Casselberry's triplet chain of lakes is so polluted, WFTV learned the city is spending nearly $400,000 to clean it up.
The lakes are part of a watershed that dumps the pollutants into Lake Jesup.
WFTV's Tim Barber found out it might be a quick fix, but it's not permanent.
Cathy Farrar may live on Queens Mirror Lake, but she only uses it for the view.
"I certainly would not want to step into, or walk into it, or fall off into
it. So, yes, it's pretty yucky," said Farrar.
Queens Mirror Lake is part of the heavily polluted "triplet chain of lakes."
The city has spent years studying fixes and decided the best route is to dump a chemical into the lake called alum to clean up the pollutants, mainly phosphorus.
Alum works like a magnet, collecting lake sentiment, and then dragging it to the bottom of the lake.
"If you look at cost per pound of phosphorus removed, the alum treatment was a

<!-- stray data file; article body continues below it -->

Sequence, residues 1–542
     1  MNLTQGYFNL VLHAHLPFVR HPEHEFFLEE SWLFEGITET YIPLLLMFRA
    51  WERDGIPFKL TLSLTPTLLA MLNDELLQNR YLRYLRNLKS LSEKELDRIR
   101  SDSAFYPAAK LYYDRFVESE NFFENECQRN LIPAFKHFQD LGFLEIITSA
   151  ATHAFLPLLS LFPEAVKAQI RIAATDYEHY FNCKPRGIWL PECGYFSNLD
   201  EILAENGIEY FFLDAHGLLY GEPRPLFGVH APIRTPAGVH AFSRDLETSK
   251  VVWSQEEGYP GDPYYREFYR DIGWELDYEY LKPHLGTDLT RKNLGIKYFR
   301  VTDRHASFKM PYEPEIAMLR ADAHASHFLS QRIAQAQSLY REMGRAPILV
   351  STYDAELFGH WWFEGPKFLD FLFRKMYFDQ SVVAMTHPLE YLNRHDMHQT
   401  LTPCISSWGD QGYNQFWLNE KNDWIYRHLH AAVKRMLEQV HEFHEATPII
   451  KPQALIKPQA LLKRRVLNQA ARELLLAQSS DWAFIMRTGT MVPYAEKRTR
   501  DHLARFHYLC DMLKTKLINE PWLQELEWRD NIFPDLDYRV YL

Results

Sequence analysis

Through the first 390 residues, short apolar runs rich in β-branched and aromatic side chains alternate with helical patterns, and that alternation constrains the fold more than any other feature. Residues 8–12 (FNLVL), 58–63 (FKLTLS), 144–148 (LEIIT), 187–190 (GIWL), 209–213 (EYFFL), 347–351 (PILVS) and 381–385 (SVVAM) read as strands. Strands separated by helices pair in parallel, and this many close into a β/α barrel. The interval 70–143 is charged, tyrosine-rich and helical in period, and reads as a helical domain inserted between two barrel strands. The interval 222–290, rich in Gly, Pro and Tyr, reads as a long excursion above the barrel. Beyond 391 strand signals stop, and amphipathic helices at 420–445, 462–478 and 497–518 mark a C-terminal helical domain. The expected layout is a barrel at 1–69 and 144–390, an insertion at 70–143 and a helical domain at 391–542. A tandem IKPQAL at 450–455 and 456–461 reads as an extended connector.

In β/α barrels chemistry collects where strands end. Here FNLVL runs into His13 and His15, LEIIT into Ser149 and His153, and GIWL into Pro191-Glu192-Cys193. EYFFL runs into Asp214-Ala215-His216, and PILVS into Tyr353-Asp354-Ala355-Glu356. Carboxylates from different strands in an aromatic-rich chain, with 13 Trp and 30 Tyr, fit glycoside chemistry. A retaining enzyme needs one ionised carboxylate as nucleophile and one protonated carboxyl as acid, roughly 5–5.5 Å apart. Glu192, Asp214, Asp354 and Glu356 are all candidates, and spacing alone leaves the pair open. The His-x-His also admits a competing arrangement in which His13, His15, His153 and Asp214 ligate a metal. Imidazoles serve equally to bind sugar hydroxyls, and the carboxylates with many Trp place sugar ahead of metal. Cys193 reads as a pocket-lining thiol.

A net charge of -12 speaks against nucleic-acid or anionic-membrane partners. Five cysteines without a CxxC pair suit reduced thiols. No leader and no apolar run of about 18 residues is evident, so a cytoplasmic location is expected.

no-brainier," said Kelly Brock, with the city Of Casselberry.
The city could add several baffle boxes to the lakes, which act as filters, but those cost $125,000 each.
Another system uses a filter and
alum, but that's even more expensive.
The Queens Mirror is unique because 1,000 acres to the west drain into it, so all the runoff from businesses and homes
makes its way through the rest of the triplet chain and eventually into Lake Jesup.
Farrar and her neighbors worry all the bad stuff is just going to sit on the bottom.
"It would be very nice if we had a beautiful, pristine, clear water lake, but I don't know if we can have that because of all the runoff," said Farrar.
When officials get more money, they will look at other fixes that could stop most of the pollution from getting into the lake in the first place, they said.